Pipedream's response to the Log4j vulnerability

Pipedream's response to the Log4j vulnerability

Over the last two weeks, two vulnerabilities in Apache Log4j (CVE-2021-45046, CVE-2021-44228) — also known as "Log4Shell" — were disclosed publicly. These vulnerabilities allow attackers to execute code remotely on affected systems. Since Log4j is a popular library, this incident had wide-reaching consequences.

Pipedream was not affected by these vulnerabilities. While we use Java in some internal systems, we do not, and never have, used Log4j.

When the vulnerabilities were announced, we reviewed each system carefully to confirm no third party packages or other ancillary software packaged Log4j as a dependency. The Datadog Agent, which we use to collect logs and metrics, was the only such package identified. Datadog confirmed their agent was not vulnerable. Still, we proactively upgraded it out of an abundance of caution.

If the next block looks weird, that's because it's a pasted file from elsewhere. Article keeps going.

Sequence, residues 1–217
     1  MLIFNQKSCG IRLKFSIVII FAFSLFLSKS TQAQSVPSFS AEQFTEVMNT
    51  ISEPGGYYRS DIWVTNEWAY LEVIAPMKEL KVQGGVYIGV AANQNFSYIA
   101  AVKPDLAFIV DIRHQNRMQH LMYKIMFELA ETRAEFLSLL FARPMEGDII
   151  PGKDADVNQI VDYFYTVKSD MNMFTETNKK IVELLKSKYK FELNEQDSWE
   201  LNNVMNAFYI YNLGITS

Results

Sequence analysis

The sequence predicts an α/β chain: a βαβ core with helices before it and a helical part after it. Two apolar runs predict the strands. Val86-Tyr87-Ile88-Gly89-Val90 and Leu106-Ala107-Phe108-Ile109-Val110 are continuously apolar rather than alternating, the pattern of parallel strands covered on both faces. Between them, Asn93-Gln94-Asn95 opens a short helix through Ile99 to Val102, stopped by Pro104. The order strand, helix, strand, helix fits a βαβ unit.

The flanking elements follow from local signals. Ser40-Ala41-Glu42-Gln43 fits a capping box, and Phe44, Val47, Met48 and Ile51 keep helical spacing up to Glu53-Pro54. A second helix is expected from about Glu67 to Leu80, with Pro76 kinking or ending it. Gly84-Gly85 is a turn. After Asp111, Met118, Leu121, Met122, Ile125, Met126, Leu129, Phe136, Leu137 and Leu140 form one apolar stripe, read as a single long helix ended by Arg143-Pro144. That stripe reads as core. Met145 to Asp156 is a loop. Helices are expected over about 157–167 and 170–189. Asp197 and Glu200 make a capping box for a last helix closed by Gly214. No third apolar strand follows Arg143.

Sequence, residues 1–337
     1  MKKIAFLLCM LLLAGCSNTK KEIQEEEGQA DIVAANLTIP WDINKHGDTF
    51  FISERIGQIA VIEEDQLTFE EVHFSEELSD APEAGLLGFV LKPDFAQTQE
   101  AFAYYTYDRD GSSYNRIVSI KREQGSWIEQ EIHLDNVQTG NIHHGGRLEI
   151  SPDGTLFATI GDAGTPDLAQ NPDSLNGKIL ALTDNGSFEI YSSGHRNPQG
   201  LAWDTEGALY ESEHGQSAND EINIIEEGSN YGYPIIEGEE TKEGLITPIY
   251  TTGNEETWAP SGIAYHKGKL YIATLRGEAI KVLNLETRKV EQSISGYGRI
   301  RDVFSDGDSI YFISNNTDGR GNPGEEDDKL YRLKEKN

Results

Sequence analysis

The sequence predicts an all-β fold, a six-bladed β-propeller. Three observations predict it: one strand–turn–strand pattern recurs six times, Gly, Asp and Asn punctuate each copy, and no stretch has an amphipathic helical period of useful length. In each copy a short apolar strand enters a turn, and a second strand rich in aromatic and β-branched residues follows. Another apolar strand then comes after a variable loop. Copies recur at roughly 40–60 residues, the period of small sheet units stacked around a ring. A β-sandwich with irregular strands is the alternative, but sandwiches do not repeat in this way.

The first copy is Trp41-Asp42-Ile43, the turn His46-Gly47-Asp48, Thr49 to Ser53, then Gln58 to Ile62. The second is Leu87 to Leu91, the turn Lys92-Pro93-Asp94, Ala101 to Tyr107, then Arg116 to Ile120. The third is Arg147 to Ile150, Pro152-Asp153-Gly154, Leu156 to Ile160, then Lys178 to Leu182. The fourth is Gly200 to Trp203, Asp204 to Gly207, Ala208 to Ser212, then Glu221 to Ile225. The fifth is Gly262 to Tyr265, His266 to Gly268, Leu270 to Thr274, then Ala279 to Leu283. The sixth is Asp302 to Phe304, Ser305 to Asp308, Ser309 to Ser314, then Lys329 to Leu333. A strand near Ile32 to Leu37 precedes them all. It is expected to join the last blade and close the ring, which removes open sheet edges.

We have heard from all of our subprocessors. All of them were unaffected or addressed the vulnerability quickly, and we have no evidence to suggest they were exploited.

In the days following the original disclosure, we also started blocking known Log4Shell exploit strings and added additional monitoring to protect against attackers using Pipedream to exploit these vulnerabilities. If you observe Pipedream endpoints being used to exploit vulnerable systems, or see any suspect traffic to Pipedream domains, please submit an abuse report or reach out to our Security team at security@pipedream.com.

We know many of you spent time addressing the impact of Log4Shell on your own systems. With this and the multiple AWS outages this December, it's been a long month for the Internet. We hope you all get some much-needed rest as the holidays approach, and we look forward to working with you more in 2022.